Transfer at book value if opted for business restructuring relief

To be eligible to enjoy the BRR, the transferer should be a taxable person

By Mahar Afzal/Compliance Corner

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Published: Sun 21 Apr 2024, 5:46 PM

Business restructuring relief (BRR) is provided to businesses to facilitate their smooth operation by treating them as a transfer of a going concern, without any change in ownership.

Article 27 of the corporate tax law (the law) mandates that, upon meeting specified conditions, assets and liabilities to be transferred at book value. This month, the Federal Tax Authority (FTA) has released a guide on this topic.


The BRR is optional and for our analysis, we have organised our discussion into three stages: the pretransfer phase, the transfer phase, and the post-transfer phase. In the pretransfer phase, we have examined the eligibility criteria. Moving on to the transfer phase, we have addressed aspects which are compulsory if the transaction is being executed. Following a smooth transfer, the post-transfer phase entails meeting certain legal requirements to enjoy the BRR.

To be eligible to enjoy the BRR, the transferer should be a taxable person and the entire business or independent part of the business is being transferred to another taxable person or person who becomes a taxable person due to this transfer against consideration in the form of shares, other equitable interest, or cash/other consideration. Where the entire business is being transferred, and transferer/transferers ceases/cease to exist due to this transfer, the transferer can be of one or more taxable persons. Like natural person transfer its business into limited liability company (LLC) or to third party and holds the shares of LLC or third party. For other various examples, you can refer to the related guide.


The transferer and the transferee should be resident taxable persons; or the permanent establishment of nonresident persons, none of them is exempt and qualifying free zone person. Moreover, they have the same ending of their financial years; and they are following the same accounting policies. The transaction must have commercial sense and all applicable local or foreign laws are being followed to execute the transaction.

After the transaction has commenced meeting the eligibility requirements mentioned above, the value of the shares or ownership interests received must not surpass the net book value of the assets transferred and liabilities assumed, after subtracting the value of any other received consideration in any form. In cases where the entire business is transferred and the current taxable person/persons ceases/cease to exist, the value should not exceed the book value of the surrendered shares or ownership interests, minus the value of any other form of consideration received.

Mahar Afzal is a managing partner at Kress Cooper Management Consultants.
Mahar Afzal is a managing partner at Kress Cooper Management Consultants.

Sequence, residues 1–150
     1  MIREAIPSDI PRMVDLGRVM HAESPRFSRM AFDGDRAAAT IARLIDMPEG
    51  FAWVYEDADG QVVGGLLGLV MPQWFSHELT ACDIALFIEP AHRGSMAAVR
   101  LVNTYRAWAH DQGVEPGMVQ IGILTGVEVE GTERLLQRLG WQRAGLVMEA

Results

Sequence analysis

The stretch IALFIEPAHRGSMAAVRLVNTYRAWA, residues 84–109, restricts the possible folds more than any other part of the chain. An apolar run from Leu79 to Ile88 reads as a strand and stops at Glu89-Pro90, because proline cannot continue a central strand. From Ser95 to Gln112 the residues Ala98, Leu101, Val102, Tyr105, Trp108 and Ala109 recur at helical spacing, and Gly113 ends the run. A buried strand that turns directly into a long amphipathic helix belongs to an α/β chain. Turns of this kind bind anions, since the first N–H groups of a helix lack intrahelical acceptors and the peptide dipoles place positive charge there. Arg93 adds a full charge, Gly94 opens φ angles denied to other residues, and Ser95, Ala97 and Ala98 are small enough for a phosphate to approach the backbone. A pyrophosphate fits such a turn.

The consideration should be in the form of shares, other equitable interest, or cash/other consideration. Where cash and other consideration received, it should be lower of the net book value of assets/liabilities transferred or 10% of the nominal value of the ownership interest issued. The consideration can be received by the transferer or any other person who is holding at least 50% ownership interest of transferor; and the payee can be the transferee or any other person who is holding at least 50% shares of transferee. There is no requirement for the consideration where owners of the unincorporated partnership are approaching the FTA to treat the unincorporated partnership as a taxable person.

The transferer can be natural taxable person, but the transferee or other person who pays on their behalf cannot be natural person, as it requires the issuance of shares or other equitable interest from the transferee.

When all applicable conditions are met, the entire business or independent party of it must be transferred without any profit or loss, and the assets or liabilities should be transferred at their net book value on the transfer date. The transferer should not realise any taxable gain or loss from the transfer of assets and liabilities.

The transferer’s tax losses can be transferred to the transferee for adjustment or carryforward. When an independent business segment is transferred, the utilised tax losses will be apportioned and transferred accordingly. However, any utilised net interest expenditure will not be transferred to the transferee.

In the post transfer phase, the relief becomes invalid if, within two years of the initial transfer, the shares or ownership interests of either the transferor or the transferee are sold, transferred, or disposed of to a non-member of the qualifying group, or if there is a subsequent transfer or disposal of the business or a previously transferred segment. In such instances, the transferer must treat the transfer as having taken place at market value on the transfer date. Any gains or losses must be accounted for in the tax return for the period in which the subsequent transfer occurs.

The writer, Mahar Afzal, is a managing partner at Kress Cooper Management Consultants. The above article is not an official opinion of Khaleej Times but an opinion of the writer. For any queries/clarifications, please feel free to contact him at mahar@kresscooper.com.


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